Building Products

1Q24 Kitchen and Bath Insights: Middle-Market Malaise; Luxury-Market Strength

Matt Saunders photo

Matt Saunders

Elizabeth LaJeunesse

May 23, 2024

Our Kitchen & Bath Market Index indicated weak sales in 1Q24. But here’s the twist: Weak sales does not indicate lackluster sales across the kitchen and bath (K&B) market. It reflects a struggling middle-market consumer paired with a more stable premium K&B customer.

Here are strategies to navigate this contrast:

Building product manufacturers: Can you maximize revenues by raising prices for the less price-sensitive premium segment while lowering prices or offering rebates for the rest of the market? Offer products that convey “affordable luxury.” 

Homebuilders: If you build entry-level homes, focus on standardizing your kitchen and bath while aiming for “affordable luxury.”

Remodelers: Be upfront with your clients about ways they can save money on their projects. Counsel them frankly on need-to-have vs. nice-to-have upgrades to build trust, save them money, and help them adjust their expectations to the new pricing environment.

Designers: If you are already in the luxury space, you are most likely outpacing the market. Those working in lower price points might consider branching out into the premium segment.

Our research team focuses on building products pricing. One sector we study closely is the K&B space. Every quarter, we conduct a Kitchen and Bath Market Survey in proud partnership with the National Kitchen + Bath Association (NKBA), culminating in our quarterly Kitchen & Bath Market Index (KBMI) report. 

Middle-Market Malaise

Building materials prices have risen by 40% since 2019, and homeowners struggle to keep up. Many firms we spoke with this quarter told us that consumers still routinely express sticker shock when pricing comes up. They told us that lower-end and middle-market homes are underperforming due to these price sensitivities. Affordability issues help explain the flux of homes coming into the resale market with outdated kitchens and baths—it all ties back to pricing.

Luxury-Market Strength

Throughout last year and into 1Q24, high-end K&B consumers expanded the size and scope of projects and upgraded to higher finishes. Over a third of design firms we surveyed in April confirmed that their clients still lean toward higher-cost projects. The typical ticket size of K&B design firms we surveyed this spring was about $75K, although many (around 1 in 5) routinely took on projects well over $150K. 

The resilience of customers at this price level is consistent with a longer-term trend of growing wealth among the wealthiest people. Recent Federal Reserve data show that two-thirds of our nation’s household wealth is now concentrated in 10 percent of households.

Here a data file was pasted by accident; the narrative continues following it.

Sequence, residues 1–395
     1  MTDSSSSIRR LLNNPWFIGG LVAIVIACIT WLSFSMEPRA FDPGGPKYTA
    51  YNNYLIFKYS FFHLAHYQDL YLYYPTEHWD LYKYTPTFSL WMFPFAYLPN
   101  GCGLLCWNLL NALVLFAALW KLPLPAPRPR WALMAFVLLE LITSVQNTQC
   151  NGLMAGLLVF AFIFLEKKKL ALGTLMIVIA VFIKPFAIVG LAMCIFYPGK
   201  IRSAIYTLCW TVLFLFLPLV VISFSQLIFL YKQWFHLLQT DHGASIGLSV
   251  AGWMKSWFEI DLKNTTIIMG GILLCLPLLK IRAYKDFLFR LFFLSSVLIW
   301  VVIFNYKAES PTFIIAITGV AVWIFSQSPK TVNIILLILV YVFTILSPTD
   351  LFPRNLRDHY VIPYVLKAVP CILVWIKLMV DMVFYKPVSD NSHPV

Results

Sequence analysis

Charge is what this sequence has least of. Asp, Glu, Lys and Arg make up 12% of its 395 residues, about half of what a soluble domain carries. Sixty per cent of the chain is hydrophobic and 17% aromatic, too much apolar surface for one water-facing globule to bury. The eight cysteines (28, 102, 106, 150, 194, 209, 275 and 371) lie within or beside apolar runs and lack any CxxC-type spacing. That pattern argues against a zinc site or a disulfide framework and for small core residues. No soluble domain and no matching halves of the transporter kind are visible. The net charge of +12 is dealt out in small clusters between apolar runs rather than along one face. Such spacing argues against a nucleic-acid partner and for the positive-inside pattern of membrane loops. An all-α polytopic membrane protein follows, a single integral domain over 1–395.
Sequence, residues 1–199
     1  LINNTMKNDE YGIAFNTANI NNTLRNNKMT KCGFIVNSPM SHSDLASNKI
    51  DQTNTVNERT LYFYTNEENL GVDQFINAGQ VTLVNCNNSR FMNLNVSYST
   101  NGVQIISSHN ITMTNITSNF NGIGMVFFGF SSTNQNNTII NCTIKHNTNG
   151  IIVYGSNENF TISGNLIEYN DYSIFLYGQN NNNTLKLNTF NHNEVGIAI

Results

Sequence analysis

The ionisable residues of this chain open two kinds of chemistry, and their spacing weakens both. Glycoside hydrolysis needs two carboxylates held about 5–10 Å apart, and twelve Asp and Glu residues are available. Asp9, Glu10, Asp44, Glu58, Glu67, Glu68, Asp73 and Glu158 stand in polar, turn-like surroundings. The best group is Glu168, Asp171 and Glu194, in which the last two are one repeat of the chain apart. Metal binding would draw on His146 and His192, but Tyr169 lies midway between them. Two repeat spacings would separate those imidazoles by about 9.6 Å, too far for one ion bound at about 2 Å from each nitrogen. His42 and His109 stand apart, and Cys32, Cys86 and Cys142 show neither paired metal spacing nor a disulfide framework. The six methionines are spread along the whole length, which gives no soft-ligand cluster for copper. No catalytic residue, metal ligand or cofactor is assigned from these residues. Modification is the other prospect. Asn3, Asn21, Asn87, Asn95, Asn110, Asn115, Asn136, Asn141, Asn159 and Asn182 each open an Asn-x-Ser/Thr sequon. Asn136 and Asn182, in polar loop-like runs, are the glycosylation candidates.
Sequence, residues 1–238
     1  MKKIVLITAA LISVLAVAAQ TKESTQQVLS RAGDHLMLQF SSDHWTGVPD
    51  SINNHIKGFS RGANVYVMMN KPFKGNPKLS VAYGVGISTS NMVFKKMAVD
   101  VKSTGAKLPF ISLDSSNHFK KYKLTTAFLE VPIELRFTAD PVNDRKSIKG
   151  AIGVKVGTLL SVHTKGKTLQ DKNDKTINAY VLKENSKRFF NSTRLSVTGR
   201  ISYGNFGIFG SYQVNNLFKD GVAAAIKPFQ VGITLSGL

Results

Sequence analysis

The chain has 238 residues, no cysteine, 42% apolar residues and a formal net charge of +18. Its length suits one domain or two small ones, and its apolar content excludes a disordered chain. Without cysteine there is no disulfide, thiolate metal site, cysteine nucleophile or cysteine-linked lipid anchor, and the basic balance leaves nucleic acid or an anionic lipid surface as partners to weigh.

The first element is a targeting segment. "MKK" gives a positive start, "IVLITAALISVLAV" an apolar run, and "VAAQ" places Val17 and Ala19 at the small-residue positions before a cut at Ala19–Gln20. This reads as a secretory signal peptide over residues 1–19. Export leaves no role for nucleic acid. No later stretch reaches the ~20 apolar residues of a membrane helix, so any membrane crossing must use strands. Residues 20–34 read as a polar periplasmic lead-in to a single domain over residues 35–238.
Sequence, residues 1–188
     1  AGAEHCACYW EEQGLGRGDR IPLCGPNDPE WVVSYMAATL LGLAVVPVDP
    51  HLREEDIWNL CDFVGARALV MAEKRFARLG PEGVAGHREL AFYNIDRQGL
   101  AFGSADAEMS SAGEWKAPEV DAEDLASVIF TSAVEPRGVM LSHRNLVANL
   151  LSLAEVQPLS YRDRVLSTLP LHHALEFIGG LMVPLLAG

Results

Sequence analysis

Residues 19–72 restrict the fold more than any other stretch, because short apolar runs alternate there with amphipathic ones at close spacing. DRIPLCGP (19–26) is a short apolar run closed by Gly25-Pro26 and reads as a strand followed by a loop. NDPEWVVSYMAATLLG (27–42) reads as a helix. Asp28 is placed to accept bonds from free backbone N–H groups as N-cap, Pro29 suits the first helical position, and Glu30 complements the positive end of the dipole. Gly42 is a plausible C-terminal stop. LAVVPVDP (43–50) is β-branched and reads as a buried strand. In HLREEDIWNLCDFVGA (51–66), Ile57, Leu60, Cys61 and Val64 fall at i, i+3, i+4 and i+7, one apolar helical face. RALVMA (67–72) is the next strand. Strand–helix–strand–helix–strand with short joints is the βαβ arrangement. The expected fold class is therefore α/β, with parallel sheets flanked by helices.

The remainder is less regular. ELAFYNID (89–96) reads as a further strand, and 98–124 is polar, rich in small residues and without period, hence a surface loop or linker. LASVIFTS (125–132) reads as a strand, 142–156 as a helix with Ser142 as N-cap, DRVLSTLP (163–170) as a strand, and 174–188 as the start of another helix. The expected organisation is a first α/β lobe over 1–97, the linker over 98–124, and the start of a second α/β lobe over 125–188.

Because of these massive gains in wealth, the premium segment has become far less sensitive to higher interest rates and costs. This healthy luxury market is also one reason design firms (which typically cater to the premium segment) were bullish about price increases that their customers could accept this year. 

The 1Q24 KBMI report reveals that while the K&B market is currently experiencing weak sales, it may soon see some relief. Firms across the industry say they expect sales to start recovering and anticipate +6% nominal revenue growth in 2024 on average. 

The Near-Term KBMI rating of 72 in 1Q24 shows that sales expectations are stronger than one year ago (1Q23 rating of 68). If this strong positive sentiment bears out, we may have a better spring selling season for resale homes next year, with more up-to-date kitchens and baths in available inventory.

We’d love to hear more about what you’re seeing in your sector and how it’s influencing your business. Please contact Matt Saunders or Elizabeth La Jeunesse to discuss what you’re seeing.

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About The Author

Matt Saunders photo
Matt Saunders
Senior Vice President of Building Products Research
Matt leads JBREC’s building products research practice, which includes overseeing our research reports, our macro building products thesis and forecasts for both repair and remodeling and new construction.
Elizabeth LaJeunesse
Senior Manager, Building Products Research
Elizabeth is responsible for participating in the preparation of consulting assignments and research projects related to Building Products, including compilation and analysis of market data, preparation of market reports, and custom survey development.

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